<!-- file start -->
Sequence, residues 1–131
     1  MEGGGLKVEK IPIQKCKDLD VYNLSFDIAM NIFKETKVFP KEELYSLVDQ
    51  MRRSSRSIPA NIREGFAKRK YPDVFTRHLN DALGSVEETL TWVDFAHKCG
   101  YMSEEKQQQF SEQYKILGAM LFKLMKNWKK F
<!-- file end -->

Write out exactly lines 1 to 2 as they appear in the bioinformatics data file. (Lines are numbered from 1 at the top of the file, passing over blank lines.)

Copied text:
Sequence, residues 1–131
     1  MEGGGLKVEK IPIQKCKDLD VYNLSFDIAM NIFKETKVFP KEELYSLVDQ